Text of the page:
There are numerous benefits that trees provide and these can be grouped into four areas - social, communal, environmental, and economic.

Social Benefits
Human response to trees goes well beyond simply observing their beauty. We feel serene, peaceful, restful, and tranquil in and around trees. We are 'at home' there. The calming effect of nearby trees and urban greening can significantly reduce workplace stress levels and fatigue, calm traffic, and even decrease the recovery time needed after surgery. It has been shown that recovery times in hospitals are faster if the patient can see trees from their window. Trees can also reduce crime. Residential buildings with larger areas of green space including trees have lower crime rates than those without trees.

The stature, strength, and endurance of trees give them a cathedral-like quality. Because of their potential for long life, trees are frequently planted as living memorials. We often become personally attached to trees that we, or those we love, have planted. The national arboretum and local planting schemes are both examples of this emotional link. The strong tie between people and trees is often evident when trees come under threat; communities speak out against the removal of trees for development or rally to save a particularly large or historic tree. Our planning system even enables protection of trees through Conservation Areas and Tree Preservation Orders.

Communal Benefits
Even when located on private land, the benefits provided by trees can reach well out into the surrounding community. Likewise, large-growing trees can come in conflict with utilities, views and structures that are beyond the bounds of the owner's property. With proper selection and maintenance, trees can enhance and function on one property without infringing on the rights and privileges of neighbours.

City and town trees often serve several architectural and engineering functions. They provide privacy, emphasise views, or screen out objectionable views. They reduce glare and reflection. They direct pedestrian traffic. Trees also provide background to and soften, complement, or enhance architecture.

Trees bring natural elements and wildlife habitats into urban surroundings, all of which increase the quality of life for residents of the community.

Environmental Benefits
Trees alter the environment in which we live by moderating climate, improving air quality, reducing storm water runoff and harbouring wildlife. Local climates are moderated from extreme sun, wind and rain. Radiant energy from the sun is absorbed or deflected by leaves on deciduous trees in the summer and is only filtered by branches of deciduous trees in winter. The larger the tree, the greater the cooling effect. By using trees in towns and cities, we can moderate the heat-island effect caused by pavements and buildings.

Wind speed and direction is affected by trees. The more compact the foliage on the tree or group of trees, the more effective the windbreak. Rainfall, sleet, and hail are absorbed or slowed by trees, providing some protection for people, animals and buildings. Trees intercept water, store some of it and reduce storm water run-off.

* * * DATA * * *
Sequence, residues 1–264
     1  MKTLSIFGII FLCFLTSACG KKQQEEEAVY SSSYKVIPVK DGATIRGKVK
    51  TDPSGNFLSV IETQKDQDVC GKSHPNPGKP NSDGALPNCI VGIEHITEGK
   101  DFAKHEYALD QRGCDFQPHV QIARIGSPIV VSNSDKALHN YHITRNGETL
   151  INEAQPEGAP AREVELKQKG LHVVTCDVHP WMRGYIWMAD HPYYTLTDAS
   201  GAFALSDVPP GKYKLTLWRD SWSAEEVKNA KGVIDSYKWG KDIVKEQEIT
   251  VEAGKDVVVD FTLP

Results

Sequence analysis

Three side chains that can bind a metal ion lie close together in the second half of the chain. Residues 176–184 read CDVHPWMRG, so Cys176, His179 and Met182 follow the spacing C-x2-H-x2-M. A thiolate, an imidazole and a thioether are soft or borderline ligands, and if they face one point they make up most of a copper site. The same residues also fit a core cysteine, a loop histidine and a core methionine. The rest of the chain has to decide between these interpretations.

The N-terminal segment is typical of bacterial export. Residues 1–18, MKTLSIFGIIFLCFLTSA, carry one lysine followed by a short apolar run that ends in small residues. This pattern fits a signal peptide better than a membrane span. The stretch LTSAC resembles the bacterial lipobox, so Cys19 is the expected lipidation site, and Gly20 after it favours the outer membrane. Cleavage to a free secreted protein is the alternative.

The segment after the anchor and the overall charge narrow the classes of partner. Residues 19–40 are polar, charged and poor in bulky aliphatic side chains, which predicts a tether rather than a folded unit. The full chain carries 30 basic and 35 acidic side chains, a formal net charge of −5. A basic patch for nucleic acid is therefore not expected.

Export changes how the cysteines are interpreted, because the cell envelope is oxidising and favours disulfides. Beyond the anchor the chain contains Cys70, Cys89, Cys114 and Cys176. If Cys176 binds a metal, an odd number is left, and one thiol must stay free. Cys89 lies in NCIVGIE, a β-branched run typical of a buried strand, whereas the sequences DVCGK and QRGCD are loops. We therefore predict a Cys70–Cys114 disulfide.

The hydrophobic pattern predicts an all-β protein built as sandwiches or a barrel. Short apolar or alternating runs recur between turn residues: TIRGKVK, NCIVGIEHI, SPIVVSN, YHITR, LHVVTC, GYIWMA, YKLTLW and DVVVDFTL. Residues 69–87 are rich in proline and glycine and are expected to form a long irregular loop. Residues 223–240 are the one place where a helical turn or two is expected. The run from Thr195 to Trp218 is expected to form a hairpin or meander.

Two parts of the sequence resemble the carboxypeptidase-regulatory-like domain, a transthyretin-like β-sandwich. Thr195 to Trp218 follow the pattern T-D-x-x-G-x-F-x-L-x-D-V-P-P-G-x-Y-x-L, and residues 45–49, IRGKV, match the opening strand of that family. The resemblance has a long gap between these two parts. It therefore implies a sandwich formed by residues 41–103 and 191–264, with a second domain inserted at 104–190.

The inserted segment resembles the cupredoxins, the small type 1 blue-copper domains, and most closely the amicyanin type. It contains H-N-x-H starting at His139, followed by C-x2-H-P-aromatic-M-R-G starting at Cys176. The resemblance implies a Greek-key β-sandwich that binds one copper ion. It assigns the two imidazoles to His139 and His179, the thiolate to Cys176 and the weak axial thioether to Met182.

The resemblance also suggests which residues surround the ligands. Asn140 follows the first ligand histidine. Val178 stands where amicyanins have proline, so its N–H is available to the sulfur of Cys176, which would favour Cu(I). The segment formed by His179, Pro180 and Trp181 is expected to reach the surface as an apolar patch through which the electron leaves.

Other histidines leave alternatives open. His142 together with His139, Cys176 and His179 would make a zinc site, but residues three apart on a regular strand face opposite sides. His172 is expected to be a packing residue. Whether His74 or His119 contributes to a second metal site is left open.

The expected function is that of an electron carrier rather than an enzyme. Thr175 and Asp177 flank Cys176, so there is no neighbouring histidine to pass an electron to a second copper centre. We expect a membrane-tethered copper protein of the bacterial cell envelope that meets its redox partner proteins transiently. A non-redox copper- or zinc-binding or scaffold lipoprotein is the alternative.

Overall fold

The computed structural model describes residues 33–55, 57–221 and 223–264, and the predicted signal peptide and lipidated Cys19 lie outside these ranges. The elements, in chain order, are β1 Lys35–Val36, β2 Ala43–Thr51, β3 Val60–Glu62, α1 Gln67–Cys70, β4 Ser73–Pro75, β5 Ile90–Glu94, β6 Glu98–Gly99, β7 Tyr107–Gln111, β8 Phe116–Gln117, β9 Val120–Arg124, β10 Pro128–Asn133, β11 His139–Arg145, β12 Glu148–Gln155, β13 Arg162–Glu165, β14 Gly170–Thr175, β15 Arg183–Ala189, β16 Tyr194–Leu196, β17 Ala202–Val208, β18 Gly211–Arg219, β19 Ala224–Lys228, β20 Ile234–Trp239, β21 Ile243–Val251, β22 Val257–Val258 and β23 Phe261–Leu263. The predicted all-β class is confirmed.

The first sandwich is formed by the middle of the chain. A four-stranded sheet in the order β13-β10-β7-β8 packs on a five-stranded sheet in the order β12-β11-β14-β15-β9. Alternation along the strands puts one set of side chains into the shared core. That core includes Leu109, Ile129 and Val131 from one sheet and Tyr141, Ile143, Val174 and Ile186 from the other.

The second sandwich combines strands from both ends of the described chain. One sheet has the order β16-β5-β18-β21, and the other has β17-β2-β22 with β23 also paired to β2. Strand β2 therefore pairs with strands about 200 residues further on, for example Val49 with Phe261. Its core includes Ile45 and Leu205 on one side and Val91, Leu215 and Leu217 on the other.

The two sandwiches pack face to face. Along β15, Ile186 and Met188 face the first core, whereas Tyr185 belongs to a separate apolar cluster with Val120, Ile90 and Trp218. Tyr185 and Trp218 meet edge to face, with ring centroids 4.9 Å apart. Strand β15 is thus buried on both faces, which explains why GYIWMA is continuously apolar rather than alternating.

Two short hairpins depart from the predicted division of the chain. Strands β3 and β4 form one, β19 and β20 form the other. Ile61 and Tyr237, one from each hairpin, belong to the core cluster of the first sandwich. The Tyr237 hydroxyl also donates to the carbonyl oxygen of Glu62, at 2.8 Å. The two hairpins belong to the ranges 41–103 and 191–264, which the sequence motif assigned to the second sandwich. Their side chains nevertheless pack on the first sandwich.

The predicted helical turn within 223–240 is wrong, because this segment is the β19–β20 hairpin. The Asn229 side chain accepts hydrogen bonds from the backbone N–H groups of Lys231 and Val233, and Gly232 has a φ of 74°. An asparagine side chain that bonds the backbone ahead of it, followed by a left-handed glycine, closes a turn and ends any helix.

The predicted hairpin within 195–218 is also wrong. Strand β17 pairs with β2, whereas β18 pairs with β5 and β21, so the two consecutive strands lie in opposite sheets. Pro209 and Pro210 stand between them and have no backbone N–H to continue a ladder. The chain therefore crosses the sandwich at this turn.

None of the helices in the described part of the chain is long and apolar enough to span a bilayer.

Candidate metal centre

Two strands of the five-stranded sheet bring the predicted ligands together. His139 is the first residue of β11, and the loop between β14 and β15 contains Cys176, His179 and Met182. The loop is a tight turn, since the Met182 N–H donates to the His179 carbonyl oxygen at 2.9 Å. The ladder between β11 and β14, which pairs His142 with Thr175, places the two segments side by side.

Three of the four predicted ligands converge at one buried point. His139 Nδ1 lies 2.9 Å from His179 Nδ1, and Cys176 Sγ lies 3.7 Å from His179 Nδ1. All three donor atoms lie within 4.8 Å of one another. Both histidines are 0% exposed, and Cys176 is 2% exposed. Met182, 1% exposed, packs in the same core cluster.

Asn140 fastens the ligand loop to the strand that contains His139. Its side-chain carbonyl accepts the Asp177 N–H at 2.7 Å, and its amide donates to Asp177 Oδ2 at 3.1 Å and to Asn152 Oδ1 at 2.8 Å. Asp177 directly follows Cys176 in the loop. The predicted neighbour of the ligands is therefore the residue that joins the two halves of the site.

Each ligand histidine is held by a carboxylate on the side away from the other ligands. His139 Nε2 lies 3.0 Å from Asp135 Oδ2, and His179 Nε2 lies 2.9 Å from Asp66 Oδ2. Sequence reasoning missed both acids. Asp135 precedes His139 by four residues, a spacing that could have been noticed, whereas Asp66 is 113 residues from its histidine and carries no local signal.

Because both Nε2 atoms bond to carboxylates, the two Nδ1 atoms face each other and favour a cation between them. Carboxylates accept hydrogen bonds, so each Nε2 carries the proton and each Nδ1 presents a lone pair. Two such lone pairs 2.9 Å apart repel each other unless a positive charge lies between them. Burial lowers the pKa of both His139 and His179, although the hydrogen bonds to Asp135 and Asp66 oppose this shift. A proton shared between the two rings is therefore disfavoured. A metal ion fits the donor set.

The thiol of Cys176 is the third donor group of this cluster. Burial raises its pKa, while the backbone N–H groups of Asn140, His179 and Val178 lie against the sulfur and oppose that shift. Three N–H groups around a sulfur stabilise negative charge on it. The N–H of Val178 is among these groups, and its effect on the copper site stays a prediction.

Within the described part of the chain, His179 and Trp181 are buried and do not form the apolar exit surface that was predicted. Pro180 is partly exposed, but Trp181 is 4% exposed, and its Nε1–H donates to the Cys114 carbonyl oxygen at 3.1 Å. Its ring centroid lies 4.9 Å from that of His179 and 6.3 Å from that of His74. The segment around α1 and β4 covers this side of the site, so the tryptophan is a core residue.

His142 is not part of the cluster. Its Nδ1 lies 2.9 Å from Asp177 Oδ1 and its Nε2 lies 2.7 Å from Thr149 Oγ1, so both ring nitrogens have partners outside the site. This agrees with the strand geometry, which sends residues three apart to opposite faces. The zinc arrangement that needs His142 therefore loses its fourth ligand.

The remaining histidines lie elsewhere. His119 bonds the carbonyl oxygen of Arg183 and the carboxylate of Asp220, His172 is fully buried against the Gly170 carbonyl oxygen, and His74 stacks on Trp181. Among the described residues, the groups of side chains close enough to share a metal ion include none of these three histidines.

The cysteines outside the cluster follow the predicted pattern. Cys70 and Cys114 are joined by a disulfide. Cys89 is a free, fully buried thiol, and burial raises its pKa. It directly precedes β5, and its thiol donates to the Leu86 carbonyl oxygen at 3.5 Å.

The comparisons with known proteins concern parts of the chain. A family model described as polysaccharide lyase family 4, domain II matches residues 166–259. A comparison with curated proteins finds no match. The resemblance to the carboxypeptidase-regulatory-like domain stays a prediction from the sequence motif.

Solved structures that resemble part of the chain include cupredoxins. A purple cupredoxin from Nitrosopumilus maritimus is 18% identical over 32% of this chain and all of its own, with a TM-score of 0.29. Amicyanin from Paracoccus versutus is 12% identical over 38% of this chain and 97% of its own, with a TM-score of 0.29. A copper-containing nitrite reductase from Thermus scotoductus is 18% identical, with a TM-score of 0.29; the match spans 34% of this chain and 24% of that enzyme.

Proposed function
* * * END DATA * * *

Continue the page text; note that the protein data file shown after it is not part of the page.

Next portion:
Air quality is improved through the use of trees and shrubs. Leaves filter the air we breathe by removing dust and other particulates. Rain then washes the pollutants to the ground. Leaves absorb the greenhouse gas carbon dioxide during photosynthesis and store carbon as growth. Leaves also absorb other air pollutants such as ozone, carbon monoxide and sulphur dioxide, and release oxygen.

By planting trees and shrubs, we return developed areas to a more natural environment that is attractive to birds and wildlife. Ecological cycles of plant growth, reproduction and decomposition are again present, both above and below ground. Natural harmony is restored to the urban environment.

Economic Benefits
Property values of landscaped homes are 5 to 20 percent higher than those of non-landscaped homes. Individual trees and shrubs have value, but the variability of species, size, condition and function makes determining their economic value difficult. Trees increase in value as they grow. Trees, as part of a well maintained landscape, can add value to your home.

The indirect economic benefits of trees within a community are even greater. If we use less energy to cool or warm our homes due to the benefits of trees, then power suppliers build fewer new facilities to meet peak demands, use reduced amounts of fossil fuel in their furnaces, and use fewer measures to control air pollution. Communities can also save money if fewer facilities must be built to control storm water in the region. To the individual, these savings may seem small, but to the community as a whole, reductions in these expenses are often substantial.

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My neighbour's tree overhangs my property. Can I prune the tree?

Yes, you are entitled in law to prune back any overhanging branches to your boundary line but not beyond it. You should not trespass onto your neighbour's property to do the works, unless you have permission. You are obliged by law to offer any parts of the tree removed back to the owner before you dispose of them.

If a tree is protected by a Tree Preservation Order, or is within a Conservation Area, then you must apply to the local planning authority for permission to prune the tree. If you are unsure whether a tree is protected or not, contact your local Arboricultural Officer.